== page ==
• Summary
  • Contents
  • Subject index

Dying is a social as well as physiological phenomenon. Each society characterizes and, consequently, treats death and dying in its own individual ways—ways that differ markedly. These particular patterns of death and dying engender modal cultural responses, and such institutionalized behavior has familiar, economical, educational, religious, and political implications. The Handbook of Death and Dying takes stock of the vast literature in the field.

The Hindu Way of Death
The Hindu way of death

Before commencing an account of Hindu practices and attitudes relating to death and dying, it will be helpful to selectively identify certain central features of the Hindu tradition. These will illumine and place in proper context many aspects of the subsequent discussion.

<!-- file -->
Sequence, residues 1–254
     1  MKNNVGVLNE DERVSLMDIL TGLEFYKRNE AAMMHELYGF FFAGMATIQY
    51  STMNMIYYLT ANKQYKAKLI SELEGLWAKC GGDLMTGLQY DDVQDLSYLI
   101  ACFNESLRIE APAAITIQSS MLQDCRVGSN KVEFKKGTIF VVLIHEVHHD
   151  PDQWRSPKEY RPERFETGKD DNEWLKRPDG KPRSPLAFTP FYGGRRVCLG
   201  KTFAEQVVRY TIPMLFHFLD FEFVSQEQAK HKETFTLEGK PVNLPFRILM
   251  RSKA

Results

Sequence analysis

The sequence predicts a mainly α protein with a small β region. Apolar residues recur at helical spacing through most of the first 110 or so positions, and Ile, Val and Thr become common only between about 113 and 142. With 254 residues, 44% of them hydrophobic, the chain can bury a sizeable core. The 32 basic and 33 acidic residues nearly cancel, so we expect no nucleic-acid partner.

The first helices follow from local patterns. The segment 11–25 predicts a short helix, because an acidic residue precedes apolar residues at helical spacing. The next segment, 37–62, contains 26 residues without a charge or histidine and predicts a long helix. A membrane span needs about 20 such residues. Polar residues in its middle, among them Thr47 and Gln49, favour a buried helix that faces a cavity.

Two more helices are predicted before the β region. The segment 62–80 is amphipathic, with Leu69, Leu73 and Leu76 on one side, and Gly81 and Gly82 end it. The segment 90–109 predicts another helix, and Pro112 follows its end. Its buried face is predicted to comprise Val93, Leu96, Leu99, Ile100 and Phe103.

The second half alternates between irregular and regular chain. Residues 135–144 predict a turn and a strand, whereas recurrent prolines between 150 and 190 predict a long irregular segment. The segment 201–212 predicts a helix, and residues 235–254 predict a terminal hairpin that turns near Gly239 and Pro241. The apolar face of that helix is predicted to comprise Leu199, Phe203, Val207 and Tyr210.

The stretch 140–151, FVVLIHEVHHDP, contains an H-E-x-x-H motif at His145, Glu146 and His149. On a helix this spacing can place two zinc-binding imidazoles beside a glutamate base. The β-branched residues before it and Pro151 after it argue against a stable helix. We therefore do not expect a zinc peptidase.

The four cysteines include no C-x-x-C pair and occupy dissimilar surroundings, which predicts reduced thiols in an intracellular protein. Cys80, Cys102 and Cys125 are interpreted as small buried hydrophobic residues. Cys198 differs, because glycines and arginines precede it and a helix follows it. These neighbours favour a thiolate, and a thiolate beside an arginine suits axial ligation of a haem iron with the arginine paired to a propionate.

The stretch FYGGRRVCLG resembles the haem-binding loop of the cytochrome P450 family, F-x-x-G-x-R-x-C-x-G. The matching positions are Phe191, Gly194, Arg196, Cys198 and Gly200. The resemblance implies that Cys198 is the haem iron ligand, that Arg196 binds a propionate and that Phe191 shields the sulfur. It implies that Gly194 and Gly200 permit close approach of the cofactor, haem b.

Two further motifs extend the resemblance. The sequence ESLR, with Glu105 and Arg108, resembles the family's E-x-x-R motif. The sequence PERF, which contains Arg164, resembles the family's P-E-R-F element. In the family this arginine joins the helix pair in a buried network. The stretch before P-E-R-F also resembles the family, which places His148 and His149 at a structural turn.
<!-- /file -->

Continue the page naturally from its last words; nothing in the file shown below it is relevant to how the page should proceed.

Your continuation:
Hinduism is an astoundingly diverse tradition, and this fact is indicated by the nameHindu itself. Hindu is not the personal name of a founder, nor is it descriptive of a central belief or practice. “Hindu” is the Iranian variation for a name of a river that Indo-Europeans referred to as the Sindhu, Greeks as the Indos, and British as the Indus. Those who lived on the territory drained by the Indus were derivatively called Hindus. ...

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